Immediately upon assuming office, President Biden issued an executive order addressing his climate objectives. Prominent among these was the creation of a Civilian Climate Corps to tackle climate change resiliency and provide job training to underemployed youth. The new CCC would be modeled on a popular New Deal program that put thousands to work on conservation projects during the Depression. From every angle the new CCC seems like a good idea, but its uncertain future is bound up with the stalled Build Back Better legislation.
The Depression-era program was known as the Civilian Conservation Corps, which ran from 1933 to 1942 and employed roughly 3 million young men. They were set to work fighting wildfires, building more than 100,000 miles of roads and trails, 318,000 dams and tens of thousands of bridges. They strung telephone wire where it had never been before. They dug erosion-control ditches on private land and helped farmers with other land conservation projects. Many of the fire towers, state park buildings and other structures built by the Corps are still in use.
The participants in the Depression-era Corps were overwhelmingly male, white and poor. A Time magazine article from the period described the 1938 Corps as 67% from “relief families” and another 29% from families “below the normal standard of living.” Only 11% had finished high school. Corpsmen were paid $30 per month, much of which had to be set aside either for dependents or to be drawn when the participants left the program. This whole scheme was enormously popular with the Corpsmen and the public. When back home the Corpsmen were treated as heroes.
The proposed new Civilian Climate Corps has a different name to reflect the needs of the present day. The focus would be on job training for careers in the conservation space for urban youth who don’t normally have opportunities of that sort. Biden proposes to spend a mere $10 billion on the new CCC, a small sliver of the proposed $1.75 trillion Build Back Better legislation. Pay would be $15 per hour plus health care and other benefits. The jobs would mostly be short-term, following the model of AmeriCorps. Perhaps 20,000 per year could be employed.
The new CCC would not become involved in politically charged climate issues. Its goals are noncontroversial and clearly stated in the executive order:
The initiative shall aim to conserve and restore public lands and waters, bolster community resilience, increase reforestation, increase carbon sequestration in the agricultural sector, protect biodiversity, improve access to recreation, and address the changing climate.
It is also unlikely to be a gap year for college kids from the suburbs. Rather it would recruit from lower-income families and communities of color.
While the new CCC is not overtly designed to reduce political polarization, that would be a welcome byproduct. The racial integration of military units during World War II and Korea, while not complete or perfect, went far better than critics thought it would. It was largely responsible for a greater general acceptance of integration in later decades. In 2006 a meta-study of over 500 studies in thirty-eight countries revealed strong evidence of the power of simple contact to reduce prejudice among groups. Proponents of national service have recognized its power to serve as a binding agent and catalyst for democracy. Our racially and politically polarized society could use a dose of this. Instead, we sort ourselves into like-minded communities.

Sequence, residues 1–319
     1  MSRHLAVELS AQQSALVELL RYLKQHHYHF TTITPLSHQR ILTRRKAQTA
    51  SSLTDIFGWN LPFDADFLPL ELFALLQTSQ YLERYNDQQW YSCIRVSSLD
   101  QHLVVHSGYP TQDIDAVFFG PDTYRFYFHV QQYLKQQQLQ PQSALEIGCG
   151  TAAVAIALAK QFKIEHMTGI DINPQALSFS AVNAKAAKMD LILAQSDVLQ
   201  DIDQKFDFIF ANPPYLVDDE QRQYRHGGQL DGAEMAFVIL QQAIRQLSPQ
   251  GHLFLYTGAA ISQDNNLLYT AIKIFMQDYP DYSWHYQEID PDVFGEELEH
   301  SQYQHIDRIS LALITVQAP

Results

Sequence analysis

We are so polarized now that even the name Civilian Climate Corps causes opposition to the initiative. In October 2020, when the name was still Civilian Conservation Corps, 44% of Republican voters said they “strongly supported” the idea and 40% of Republican voters “somewhat supported” it. In April 2021, after the initiative was renamed the Civilian Climate Corps, just 11% of Republican voters “strongly supported” and 33% “somewhat supported” it. In a floor speech in the fall of 2021, Senate Minority Leader McConnell said the new CCC was “pure socialist wish fulfillment” and called it a “made-up government work program . . . for young liberal activists.”
Government cost accounting and revenue projections are often hard to penetrate and surely must be taken with a grain of salt. But since the new CCC would operate on a model similar to AmeriCorps, return on investment from that government program offers a clue of what to expect from a Civilian Climate Corps. The federal ROI for AmeriCorps and similar programs at the national level is 3.5. That means that for every dollar spent on these programs the federal government alone receives $3.50 in returns from tax revenue gains and savings. The federal cost-benefit ratio, calculated differently, is 17.3. That means for every dollar spent on AmeriCorps and similar programs the return to society, program members and the government is $17.30.
Biden’s executive order directed the Interior and Agriculture departments to design the new CCC initiative “within existing appropriations.” How this could happen is unclear. These departments were to have submitted a strategy report by April 2021, but that report is overdue. Without financial support through the Build Back Better Act, or some other specifically targeted legislation, this worthy program is unlikely to get off the ground. And without support from West Virginia Senator Joe Manchin, Build Back Better cannot pass the Senate.